Your right to information
You have the right to receive information about chemicals in articles and chemical products. This is information that can make it easier for you to make informed, chemical-smart choices in your everyday life.
When you shop in the EU, you as a consumer have the right to receive information about especially hazardous substances found in the products you want to buy, such as mobile phones, home furnishings and clothing. Among other things, you have the right to know if the article contains any especially hazardous substance that is on the EU’s so-called Candidate List of substances. You have the right to receive this information from the seller of the article if the amount of an especially hazardous substance in the article exceeds 0.1 per cent of the product by weight. This must be done free of charge and within 45 days of the date you request the information.
The Candidate List
The Candidate List is a list of substances with properties that make them especially hazardous, as they can have serious, long-term and lasting effects on human health or the environment. The substances can, for example, cause cancer, negatively affect the ability to have children or be harmful to the environment. Under EU chemicals legislation, substances on the Candidate List are allowed in everyday items. The Candidate List is continuously updated with new substances that are considered to be especially hazardous. The European Chemicals Agency (ECHA) updates the list twice a year.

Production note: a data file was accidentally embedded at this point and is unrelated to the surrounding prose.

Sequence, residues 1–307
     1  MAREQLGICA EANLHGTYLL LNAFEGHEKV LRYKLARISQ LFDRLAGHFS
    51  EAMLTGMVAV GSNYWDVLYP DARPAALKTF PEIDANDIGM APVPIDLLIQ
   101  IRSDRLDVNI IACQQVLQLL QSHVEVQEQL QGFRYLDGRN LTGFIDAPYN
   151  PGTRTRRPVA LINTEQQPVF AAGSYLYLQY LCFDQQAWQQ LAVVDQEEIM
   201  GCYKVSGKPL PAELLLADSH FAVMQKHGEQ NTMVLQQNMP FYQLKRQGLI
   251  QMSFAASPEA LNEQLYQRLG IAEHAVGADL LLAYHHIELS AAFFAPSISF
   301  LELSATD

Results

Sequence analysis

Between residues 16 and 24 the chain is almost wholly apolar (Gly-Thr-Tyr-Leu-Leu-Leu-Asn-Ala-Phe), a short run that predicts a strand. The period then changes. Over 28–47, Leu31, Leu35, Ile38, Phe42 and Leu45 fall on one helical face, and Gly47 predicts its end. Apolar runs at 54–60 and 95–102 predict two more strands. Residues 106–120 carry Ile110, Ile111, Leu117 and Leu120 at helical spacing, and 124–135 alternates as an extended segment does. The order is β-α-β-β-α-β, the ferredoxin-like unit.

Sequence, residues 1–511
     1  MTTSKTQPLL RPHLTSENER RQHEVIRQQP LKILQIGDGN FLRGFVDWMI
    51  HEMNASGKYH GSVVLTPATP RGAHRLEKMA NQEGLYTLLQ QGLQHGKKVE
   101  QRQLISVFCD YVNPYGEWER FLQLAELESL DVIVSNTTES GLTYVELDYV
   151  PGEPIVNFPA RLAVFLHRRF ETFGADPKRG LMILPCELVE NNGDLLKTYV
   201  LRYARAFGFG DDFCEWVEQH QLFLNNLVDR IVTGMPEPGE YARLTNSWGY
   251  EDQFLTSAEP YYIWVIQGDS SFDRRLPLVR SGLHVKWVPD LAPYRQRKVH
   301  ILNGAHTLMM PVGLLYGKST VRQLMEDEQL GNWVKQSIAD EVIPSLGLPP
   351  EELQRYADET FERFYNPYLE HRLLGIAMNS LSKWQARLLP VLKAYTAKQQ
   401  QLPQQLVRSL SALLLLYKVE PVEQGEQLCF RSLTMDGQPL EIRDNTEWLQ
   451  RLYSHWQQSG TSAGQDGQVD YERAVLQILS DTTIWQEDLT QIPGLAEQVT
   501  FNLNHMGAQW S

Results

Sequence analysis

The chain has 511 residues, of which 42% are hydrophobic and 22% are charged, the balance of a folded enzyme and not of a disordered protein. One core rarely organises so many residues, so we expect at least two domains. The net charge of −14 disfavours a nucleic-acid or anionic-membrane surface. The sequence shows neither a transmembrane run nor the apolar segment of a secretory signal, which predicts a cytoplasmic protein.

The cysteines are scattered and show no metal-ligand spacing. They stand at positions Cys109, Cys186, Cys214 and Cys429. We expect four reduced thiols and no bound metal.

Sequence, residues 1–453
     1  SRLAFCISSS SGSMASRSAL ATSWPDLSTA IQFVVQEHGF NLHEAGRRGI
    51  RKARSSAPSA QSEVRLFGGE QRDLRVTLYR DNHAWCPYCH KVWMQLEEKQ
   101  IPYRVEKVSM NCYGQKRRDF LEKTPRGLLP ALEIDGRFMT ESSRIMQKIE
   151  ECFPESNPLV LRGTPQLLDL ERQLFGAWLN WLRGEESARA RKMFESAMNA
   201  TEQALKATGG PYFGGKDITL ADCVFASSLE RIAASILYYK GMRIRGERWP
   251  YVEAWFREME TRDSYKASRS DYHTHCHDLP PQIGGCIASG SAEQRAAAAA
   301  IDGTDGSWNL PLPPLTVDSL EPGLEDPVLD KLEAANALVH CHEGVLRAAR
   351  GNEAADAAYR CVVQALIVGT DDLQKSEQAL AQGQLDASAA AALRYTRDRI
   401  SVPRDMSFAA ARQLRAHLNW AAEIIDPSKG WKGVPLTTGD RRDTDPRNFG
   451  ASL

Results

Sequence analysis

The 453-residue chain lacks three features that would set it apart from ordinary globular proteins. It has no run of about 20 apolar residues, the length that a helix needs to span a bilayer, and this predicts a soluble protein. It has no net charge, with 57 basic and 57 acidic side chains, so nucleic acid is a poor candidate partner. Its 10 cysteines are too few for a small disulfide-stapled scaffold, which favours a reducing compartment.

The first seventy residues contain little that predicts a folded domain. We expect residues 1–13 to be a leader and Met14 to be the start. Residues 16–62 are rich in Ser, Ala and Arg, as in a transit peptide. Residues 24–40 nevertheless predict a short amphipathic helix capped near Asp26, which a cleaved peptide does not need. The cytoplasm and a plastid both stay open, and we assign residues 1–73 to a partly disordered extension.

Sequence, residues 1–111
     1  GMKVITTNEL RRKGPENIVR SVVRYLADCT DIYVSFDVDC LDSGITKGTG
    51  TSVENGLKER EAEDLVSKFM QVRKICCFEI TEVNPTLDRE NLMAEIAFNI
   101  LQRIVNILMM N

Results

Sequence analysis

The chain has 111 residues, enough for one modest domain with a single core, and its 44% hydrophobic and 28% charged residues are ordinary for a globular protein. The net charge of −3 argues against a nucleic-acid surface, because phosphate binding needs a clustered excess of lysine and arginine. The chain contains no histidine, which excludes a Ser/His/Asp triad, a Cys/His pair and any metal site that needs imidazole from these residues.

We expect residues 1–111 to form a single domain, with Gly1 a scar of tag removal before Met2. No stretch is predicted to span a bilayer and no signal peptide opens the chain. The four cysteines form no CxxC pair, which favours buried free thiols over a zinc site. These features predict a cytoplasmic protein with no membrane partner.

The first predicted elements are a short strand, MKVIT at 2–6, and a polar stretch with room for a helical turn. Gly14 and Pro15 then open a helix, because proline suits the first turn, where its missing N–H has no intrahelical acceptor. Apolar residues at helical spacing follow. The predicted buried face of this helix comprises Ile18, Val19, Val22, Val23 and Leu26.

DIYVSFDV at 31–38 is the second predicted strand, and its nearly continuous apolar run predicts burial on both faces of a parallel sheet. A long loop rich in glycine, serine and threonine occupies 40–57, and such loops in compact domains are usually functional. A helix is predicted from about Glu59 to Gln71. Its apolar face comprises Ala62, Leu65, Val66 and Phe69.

You also have the right to receive information about everyday articles that have been treated with substances in order to achieve a special function. This could be, for example, sportswear that has been treated with antibacterial substances. In many cases, it is required that information about the biocide treatment be placed on the the article.
Hazardous chemical products
You also have the right to information about hazardous chemical products, such as lighter fluid, dishwasher detergent, detergent, drain cleaner, pesticides and similar. You do not need to ask the seller for this information; it must be available directly on the packaging.
Look for the warning label and read the information on the product packaging so that you know how to use the chemical product safely.
If you plan to buy a disinfectant or pesticides to control, for example, insects or mice, the store you purchase the item from has an obligation to inform you about how to use the product safely. It may be the case that the front of the package clearly states that you must read the product label and other product information before use. It may also be the case that this information can be found on a sign on the shelf at the store. Pesticides in Sweden must have information on the product in Swedish on how to use the product safely.
If you want request information about substances in a product
To make it easier for you to ask the questions you want answered, there is a form that you can fill in to give to the store staff. It is not required that you use the form, but it can be helpful. On the form, you can choose to ask about both the content of especially hazardous substances and the biocide treatment of an article.
Hazardous articles warning system
RAPEX is an information and warning system that EU countries use to inform each other about articles that do not meet the chemical and safety rules that apply within the EU. The rapid alert system has been established to quickly exchange information between 31 European countries and the European Commission on products that may pose a risk to the health and safety of individuals.
If you would like to know more about the information system for dangerous non-food products, please watch the information video below.